Contains some spoilers for book 4 and later.

Brief diversion on the writer’s art to look at these two characters, a brace of Beetle-kinden politicians. Unprepossessing stuff, surely.

However, what the two of them, bitter rivals as they are, demonstrate is the ability of characters to get completely out of control. Along with many writers, I’ve often gone off on one about the plot and characters having a life of their own, and I’m never sure whether people think this is just authorial poseuring or what, so:

If you’ve read as far as the Scarab Path, you’ll remember these two. Jodry is one of Stenwold’s allies, and he kicks the plot of Scarab off by prompting the Khanaphir expedition that Che is a member of. Helmess is the man whose thunder he’s stealing, an opponent of Stenwold and all round less reputable character. That’s the first we hear of either of them.

Except of course that’s not true. However, it was the first I wrote of either of them. And, if you’ve got as far as Sea Watch you’ll know that they both become rather important characters thereafter. Their shared achievement, however, is to somehow concoct an Apt-powered time machine and make subsequent appearances before their intended first outing.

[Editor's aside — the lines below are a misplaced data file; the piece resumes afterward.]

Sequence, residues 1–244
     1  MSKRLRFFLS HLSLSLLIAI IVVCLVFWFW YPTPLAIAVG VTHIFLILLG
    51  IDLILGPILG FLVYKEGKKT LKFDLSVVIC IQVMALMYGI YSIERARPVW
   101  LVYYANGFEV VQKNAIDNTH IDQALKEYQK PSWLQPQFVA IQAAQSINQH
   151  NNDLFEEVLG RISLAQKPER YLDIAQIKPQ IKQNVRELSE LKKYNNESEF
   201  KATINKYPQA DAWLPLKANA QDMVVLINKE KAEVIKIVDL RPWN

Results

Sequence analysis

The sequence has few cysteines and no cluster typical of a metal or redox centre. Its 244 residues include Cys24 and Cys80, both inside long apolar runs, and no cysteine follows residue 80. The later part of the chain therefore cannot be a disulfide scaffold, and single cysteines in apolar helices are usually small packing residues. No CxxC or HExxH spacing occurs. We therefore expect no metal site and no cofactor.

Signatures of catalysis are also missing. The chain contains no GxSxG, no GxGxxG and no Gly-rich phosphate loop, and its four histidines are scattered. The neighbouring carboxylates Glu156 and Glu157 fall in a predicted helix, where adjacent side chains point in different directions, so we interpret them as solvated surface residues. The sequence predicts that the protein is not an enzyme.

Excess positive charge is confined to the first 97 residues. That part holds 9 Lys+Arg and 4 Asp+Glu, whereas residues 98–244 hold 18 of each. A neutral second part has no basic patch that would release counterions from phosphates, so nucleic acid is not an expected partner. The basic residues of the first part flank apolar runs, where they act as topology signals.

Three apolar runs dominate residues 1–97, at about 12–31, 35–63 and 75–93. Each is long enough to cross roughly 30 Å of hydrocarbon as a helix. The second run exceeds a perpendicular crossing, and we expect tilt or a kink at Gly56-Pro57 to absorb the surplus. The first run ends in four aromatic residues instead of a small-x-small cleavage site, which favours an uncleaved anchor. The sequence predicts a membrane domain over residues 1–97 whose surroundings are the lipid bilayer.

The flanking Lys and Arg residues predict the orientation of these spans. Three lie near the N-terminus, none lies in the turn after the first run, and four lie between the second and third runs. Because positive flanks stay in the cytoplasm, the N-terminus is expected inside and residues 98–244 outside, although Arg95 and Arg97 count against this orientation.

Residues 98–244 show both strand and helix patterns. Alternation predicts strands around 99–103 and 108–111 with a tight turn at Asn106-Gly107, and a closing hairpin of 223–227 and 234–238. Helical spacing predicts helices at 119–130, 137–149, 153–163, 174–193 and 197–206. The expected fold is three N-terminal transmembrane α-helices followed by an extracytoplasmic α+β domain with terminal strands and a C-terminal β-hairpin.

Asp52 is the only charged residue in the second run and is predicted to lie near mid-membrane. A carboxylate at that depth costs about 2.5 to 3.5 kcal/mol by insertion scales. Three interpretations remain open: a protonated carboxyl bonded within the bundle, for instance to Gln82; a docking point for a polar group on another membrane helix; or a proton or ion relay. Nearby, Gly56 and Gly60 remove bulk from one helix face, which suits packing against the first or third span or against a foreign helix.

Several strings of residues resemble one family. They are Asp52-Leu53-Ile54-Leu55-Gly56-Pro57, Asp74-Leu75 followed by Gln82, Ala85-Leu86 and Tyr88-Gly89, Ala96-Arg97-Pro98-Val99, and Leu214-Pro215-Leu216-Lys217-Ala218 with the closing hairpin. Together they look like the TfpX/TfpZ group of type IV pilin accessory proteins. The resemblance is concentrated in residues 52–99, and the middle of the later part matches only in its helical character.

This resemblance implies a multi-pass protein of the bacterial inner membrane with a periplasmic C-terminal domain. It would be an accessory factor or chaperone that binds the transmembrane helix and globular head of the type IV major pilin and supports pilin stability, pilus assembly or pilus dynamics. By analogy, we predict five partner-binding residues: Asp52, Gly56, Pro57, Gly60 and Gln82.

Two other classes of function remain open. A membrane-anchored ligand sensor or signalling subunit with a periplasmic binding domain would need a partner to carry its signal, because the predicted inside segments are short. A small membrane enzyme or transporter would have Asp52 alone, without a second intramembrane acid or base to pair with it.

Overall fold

I was writing the first draft of Scarab Path (then called Sacred Servants) at around the same time as my agent was helping me get Empire into shape, and one of his suggestions was an early chapter in which Stenwold gets heavy in the Assembly, Churchill stylee, and for that I needed a foil. It could have been anyone, but i had this chap Helmess Broiler kicking about, and so he got the job. The man of suspect loyalties became a more concrete antagonist, and of course, if you’ve read Sea Watch, you’ll know where that all goes to.

Similarly, Jodry Drillen was new-minted for Scarab Path, but then I ran into something of a timing issue in Salute the Dark. Stenwold returns from his jaunt to the Commonweal and is met by Lineo Thadspar, the old Speaker for the Assembly. Except that Salute had a rejigging in which the order of some sections changed, and abruptly Lineo was basically bedridden when Stenwold needed to chew his ear off. Before I could put in a casting call, enter Jodry Drillen, already with his eyes on the Speaker’s newly vacant sandals, handling Stenwold like a professional.

It’s very likely that without those chance substitutions and additions, neither character would have become sufficiently fleshed-out (literally, in Jodry’s case) to become the major players they are in Sea Watch and beyond: twin careers in politics born entirely out of editing necessity.

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